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|Title:||Interplay between GST and nitric oxide in the early response of soybean (Glycine max L.) plants to salinity stress||Authors:||Dinler, Burcu Seckin Eckin
|Keywords:||Nitric oxide;Glutathione-s-transferase;Abscisic acid;Salt stress;Soybean||Category:||Agriculture Forestry and Fisheries||Field:||Agricultural Sciences||Issue Date:||15-Nov-2014||Publisher:||Elsevier B.V.||Source:||Journal of Plant Physiology, 2014, Volume 171, Issue 18, Pages 1740–1747||Abstract:||Glutathione-s-transferases (GSTs) and nitric oxide (NO) have both been implicated in the response of plants to salinity stress. However, their interplay and underlying mechanisms are relatively unknown. The present study attempts to provide new insight into the time course effects of NO application on GST biosynthesis regulation in Glycine max L. leaves under salt stress. A 150 μM concentration of sodium nitroprusside (SNP), a widely used NO donor, was sprayed on soybean seedlings for two days at 24 h intervals, followed by application of 200 mM NaCl. The relative water content (RWC), total chlorophyll content (CHL), stomatal conductance (gs), ABA content, malondialdehyde (MDA), hydrogen peroxide content (H2O2), along with GST enzyme and isoenzyme activities and GST1 and GST4 transcript levels were determined at 0 h, 6 h and 12 h after stress imposition. The results indicated that salt treatment alone did not alter MDA, H2O2 or ABA content and stomatal conductance in soybean leaves, most likely due to short-term (6 h and 12 h) application, although lower RWC and CHL were recorded. SNP treatment alone increased ABA content and reduced stomatal conductance, but did not change RWC, CHL, MDA (except at 12 h) and H2O2. However, exogenous SNP application protected soybean leaves from salt stress by increasing RWC, CHL and ABA content, as well as by lowering stomatal conductance in order to maintain water balance. A significant increase in GST activity was recorded under salt stress alone at 6 h. Conversely, SNP application lowered GST activity in soybean leaves at 0 h and 12 h, while it increased at 6 h, supported by GST isoenzyme activities. Thus, it could be suggested that exogenous NO application induced GST activity in an ABA-dependent manner, while GST activity could also be induced by salt stress independent of ABA. In addition, SNP pre-treatment in salt-stressed seedlings lowered GST activity at 6 h and 12 h, in line with the GST isoenzyme expression profile. Finally, GST1 and GST4 transcript levels were significantly induced in both salt-stressed and SNP pre-treated and subsequently stressed samples at 6 h and 12 h, while a more variable regulation pattern was observed in plants treated only with SNP. Overall, our findings suggest that both NO and salt stress act as potent regulators of GST gene and enzyme expression through both ABA-dependent and independent pathways.||URI:||http://ktisis.cut.ac.cy/handle/10488/4726||ISSN:||0176-1617||DOI:||http://dx.doi.org/10.1016/j.jplph.2014.07.026||Rights:||© Elsevier GmbH||Type:||Article|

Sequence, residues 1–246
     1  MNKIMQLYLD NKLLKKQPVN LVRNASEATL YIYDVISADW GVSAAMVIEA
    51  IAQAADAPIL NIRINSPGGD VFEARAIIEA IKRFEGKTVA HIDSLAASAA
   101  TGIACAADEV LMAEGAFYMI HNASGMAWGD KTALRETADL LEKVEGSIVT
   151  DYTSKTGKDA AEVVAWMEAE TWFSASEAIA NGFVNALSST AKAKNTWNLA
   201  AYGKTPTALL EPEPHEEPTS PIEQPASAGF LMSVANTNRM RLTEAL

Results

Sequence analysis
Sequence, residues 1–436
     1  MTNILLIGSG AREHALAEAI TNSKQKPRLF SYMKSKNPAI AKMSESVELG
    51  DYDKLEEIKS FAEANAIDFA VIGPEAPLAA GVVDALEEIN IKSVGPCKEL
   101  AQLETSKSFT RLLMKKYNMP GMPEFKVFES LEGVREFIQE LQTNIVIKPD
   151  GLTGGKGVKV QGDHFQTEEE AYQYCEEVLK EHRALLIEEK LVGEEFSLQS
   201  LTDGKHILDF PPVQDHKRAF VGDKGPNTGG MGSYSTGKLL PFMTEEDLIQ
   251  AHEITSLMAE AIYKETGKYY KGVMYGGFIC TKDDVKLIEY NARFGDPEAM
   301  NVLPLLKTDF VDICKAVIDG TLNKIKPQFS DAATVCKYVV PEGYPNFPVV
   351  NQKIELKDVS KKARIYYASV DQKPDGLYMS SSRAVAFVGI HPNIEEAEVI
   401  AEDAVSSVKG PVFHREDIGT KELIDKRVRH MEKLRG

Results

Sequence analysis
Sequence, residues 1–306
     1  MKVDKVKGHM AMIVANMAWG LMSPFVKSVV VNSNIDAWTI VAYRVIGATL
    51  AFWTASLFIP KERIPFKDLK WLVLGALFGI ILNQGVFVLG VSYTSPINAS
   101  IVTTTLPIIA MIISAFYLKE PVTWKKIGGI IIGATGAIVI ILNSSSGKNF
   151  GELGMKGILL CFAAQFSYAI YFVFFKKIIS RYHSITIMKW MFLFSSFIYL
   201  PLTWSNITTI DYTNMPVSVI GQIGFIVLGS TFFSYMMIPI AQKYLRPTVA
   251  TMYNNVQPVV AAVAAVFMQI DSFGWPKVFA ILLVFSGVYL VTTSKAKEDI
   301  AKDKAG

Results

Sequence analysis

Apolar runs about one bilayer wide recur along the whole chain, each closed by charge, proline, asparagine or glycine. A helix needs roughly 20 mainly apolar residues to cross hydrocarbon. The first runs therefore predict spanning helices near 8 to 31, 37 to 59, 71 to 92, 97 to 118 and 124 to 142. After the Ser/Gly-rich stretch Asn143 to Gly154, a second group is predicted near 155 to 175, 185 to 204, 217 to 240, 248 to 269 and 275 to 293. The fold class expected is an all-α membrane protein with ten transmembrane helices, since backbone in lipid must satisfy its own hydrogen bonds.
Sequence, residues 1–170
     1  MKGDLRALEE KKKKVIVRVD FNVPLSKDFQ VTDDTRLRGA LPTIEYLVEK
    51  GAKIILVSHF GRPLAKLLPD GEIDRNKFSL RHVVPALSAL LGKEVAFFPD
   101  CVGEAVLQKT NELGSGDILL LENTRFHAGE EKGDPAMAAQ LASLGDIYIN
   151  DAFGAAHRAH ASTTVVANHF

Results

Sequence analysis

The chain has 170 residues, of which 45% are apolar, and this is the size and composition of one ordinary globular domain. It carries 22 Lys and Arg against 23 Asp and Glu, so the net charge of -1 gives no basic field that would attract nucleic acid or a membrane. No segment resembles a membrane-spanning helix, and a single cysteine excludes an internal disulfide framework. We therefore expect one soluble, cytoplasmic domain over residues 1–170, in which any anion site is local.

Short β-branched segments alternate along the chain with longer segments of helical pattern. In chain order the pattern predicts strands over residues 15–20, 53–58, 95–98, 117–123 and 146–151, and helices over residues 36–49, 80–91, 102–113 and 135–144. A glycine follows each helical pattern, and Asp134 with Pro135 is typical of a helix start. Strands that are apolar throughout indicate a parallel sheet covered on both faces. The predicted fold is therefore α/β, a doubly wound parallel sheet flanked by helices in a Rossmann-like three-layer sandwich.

|Appears in Collections:||Άρθρα/Articles|
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